In London, an inflatable giant condemns inequalities

Blanche Pautet, Translated by Gemma Kentish
28 Mars 2015

An independent and self-managed group of Londoners, My Fair London, is protesting against the growing inequality at the heart of their capital city. With the upcoming general elections in May 2015, the issue of poverty is more than ever a focal point of discussion.

Credit My Fair London
Credit My Fair London

“London's economy may be doing better than the rest of the country but that obscures the fact it has the highest poverty rate”, states Bharat Mehta, Trust for London chief. According to London’s Poverty Profile, a study published at the end of 2013, 28% of the London population is living below the poverty line. In other terms, 2.1 million people earn 60% less than the average income rate in the United Kingdom. Poverty does not affect the entirety of the population. It is women, people who work part-time and older workers who are suffering. These are sections of society whose situations are already precarious. The main affected sectors are retail, maintenance, hospitality and the catering industry. There has been a 23.7% wage decrease for the poorest 10% in London. As rent is increasing and benefits are decreasing, these inequalities are have huge consequences for the physical distribution of poverty in London.

A map of poverty

In April 2013, the government introduced the Bedroom Tax, a reduction of benefits for those living in houses that had one or more spare rooms. Intended to free up space by encouraging those receiving benefits to live in more suitable sized housing, this tax is the evolution of wealth distribution in London. The city is divided into two parts: Inner London includes the central districts, and Outer London stretches across the periphery. The price of housing in Inner London is now unattainable. Today the average rent in Inner London costs £1300 a month, compared to £950 in Outer London and only £475 in the rest of England. As a result, there has been an exodus of poorer families towards Outer London. Similarly, richer Londoners are settling in Inner London, which is more attractive for the wealthy. Hannah Aldridge, co-author on London’s Poverty Profile, comments, “The London most visitors see - the West End, Westminster, the City - has ever less of its poverty. The London they don't see has ever more”.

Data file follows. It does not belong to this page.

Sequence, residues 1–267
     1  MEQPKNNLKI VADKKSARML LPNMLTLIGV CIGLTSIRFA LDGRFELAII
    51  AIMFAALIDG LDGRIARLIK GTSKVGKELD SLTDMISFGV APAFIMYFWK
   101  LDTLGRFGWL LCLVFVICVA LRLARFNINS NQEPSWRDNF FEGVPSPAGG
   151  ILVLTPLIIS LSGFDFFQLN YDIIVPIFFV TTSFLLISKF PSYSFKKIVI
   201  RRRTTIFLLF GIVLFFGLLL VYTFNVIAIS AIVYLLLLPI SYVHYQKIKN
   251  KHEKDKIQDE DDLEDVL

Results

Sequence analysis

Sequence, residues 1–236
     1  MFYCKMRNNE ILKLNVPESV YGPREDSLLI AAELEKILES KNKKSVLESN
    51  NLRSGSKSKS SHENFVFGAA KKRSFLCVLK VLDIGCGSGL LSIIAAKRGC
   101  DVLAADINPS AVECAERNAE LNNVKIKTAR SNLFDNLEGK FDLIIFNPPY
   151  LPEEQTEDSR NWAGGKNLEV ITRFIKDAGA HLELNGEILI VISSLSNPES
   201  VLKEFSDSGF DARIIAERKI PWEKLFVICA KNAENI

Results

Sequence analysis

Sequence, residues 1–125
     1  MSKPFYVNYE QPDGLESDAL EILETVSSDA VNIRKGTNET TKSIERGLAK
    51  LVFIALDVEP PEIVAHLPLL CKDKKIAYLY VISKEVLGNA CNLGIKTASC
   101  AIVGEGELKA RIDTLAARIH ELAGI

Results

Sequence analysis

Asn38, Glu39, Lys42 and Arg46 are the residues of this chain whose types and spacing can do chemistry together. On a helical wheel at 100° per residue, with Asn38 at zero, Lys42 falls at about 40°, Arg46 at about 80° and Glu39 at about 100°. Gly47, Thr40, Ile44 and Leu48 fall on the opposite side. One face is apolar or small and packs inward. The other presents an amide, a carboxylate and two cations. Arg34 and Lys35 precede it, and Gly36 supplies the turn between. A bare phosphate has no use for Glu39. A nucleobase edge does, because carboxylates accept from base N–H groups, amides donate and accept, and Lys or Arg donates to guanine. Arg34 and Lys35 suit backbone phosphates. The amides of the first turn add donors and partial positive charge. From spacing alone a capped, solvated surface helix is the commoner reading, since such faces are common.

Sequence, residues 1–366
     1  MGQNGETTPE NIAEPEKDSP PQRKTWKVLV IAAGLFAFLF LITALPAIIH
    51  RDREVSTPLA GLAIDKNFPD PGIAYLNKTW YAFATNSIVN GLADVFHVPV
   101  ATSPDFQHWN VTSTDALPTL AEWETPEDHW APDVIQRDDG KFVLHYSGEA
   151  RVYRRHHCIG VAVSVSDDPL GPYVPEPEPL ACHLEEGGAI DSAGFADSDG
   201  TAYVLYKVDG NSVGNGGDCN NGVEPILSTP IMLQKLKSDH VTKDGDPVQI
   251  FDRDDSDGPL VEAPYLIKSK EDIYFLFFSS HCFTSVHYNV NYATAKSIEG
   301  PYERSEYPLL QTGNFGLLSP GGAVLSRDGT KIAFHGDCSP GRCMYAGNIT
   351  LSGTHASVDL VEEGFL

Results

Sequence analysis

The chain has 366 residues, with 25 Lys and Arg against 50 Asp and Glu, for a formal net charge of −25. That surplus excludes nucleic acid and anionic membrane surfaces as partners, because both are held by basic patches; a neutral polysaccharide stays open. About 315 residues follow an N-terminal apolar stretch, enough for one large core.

Beyond the housing price increase, it is the wage differences that disadvantage the middle and working classes. The Green Party of Wales and England are proposing a living wage to reduce inequalities. The general elections in May 2015 are approaching and the minimum wage is at the centre of the Nathalie Bennett’s discourse, the leader of the party. “The living wage aims to provide a sense of security ”, she stated to BBC1 last January. The situation in England is such that the minimum wage is below the living wage and cannot meet a person’s daily needs. According to Bennett, who discussed the subject in a debate for World Finance, insecurity is linked to overconsumption and thus lack of resources. Creating a sense of security would thus contribute to a social wellbeing and to environmental protection.

Combatting income disparities to reduce poverty and recover from the crisis is also what the ‘Fair Pay Fortnight ’ militants, are advocating. Until March 1st, the group organise events aimed at informing the public on a national level about the problem of income inequality. In the capital, the group ‘My Fair London ’ sets up camp on the road, a less unusual place to condemn salary disparities. 

A symbolic exclamation

Credit My Fair London
Credit My Fair London
This is a symbolic exclamation”, a passerby declared in front of Westminster Abbey in May 2013. And for good reason: the inflatable giant, standing 5 metres tall, does not go unnoticed. As the mascot of the ‘My Fair London’ organisation, the plastic business man is a striking tool that visually illustrates wage disparities in London. The size of the giant corresponds to the salary of one of the highly paid executives from the FTSE100, the largest hundred companies in the London stock market, equal to 4.5 million pounds a year. In comparison, a nurse would only stand a few centimetres high. Since his debut, the giant has become the emblem of this independent organisation in their battle against poverty. Their main argument is that reducing inequality is the best way to recover from the crisis.

The Spirit Level: Why more Equal societies almost always do better, by Richard Wilkinson and Kate Pickett is the inspiration for the members of the group. Emerging in 2009, the study explains how societies with reduced inequality do better, even though they may perform worse in terms of economic wealth. It would thus be more profitable for London to reduce the gap between wages, at the risk of generating less wealth. In his July 2011 TED talk, Richard Wilkinson shows that the wealth of a country is not necessarily proportional to the quality of life, which takes into account life expectancy, education and crime. 

Social inequality has nevertheless one undeniable influence: it creates insecurity and tends to exacerbate violence. As Sean Baines, My Fair Lady activist, put it in 2013 at the London Z-DAY, “In developed countries, the more inequality there is, the more social and healthcare problems there are”. 

Credit The Spirit Level: Why Equality is Better for Everyone
Credit The Spirit Level: Why Equality is Better for Everyone
Although the capitalist system has allowed our Western societies to prosper throughout the past century, My Fair London considers it to be obsolete, in an era where relative inequality is as worrying as absolute poverty.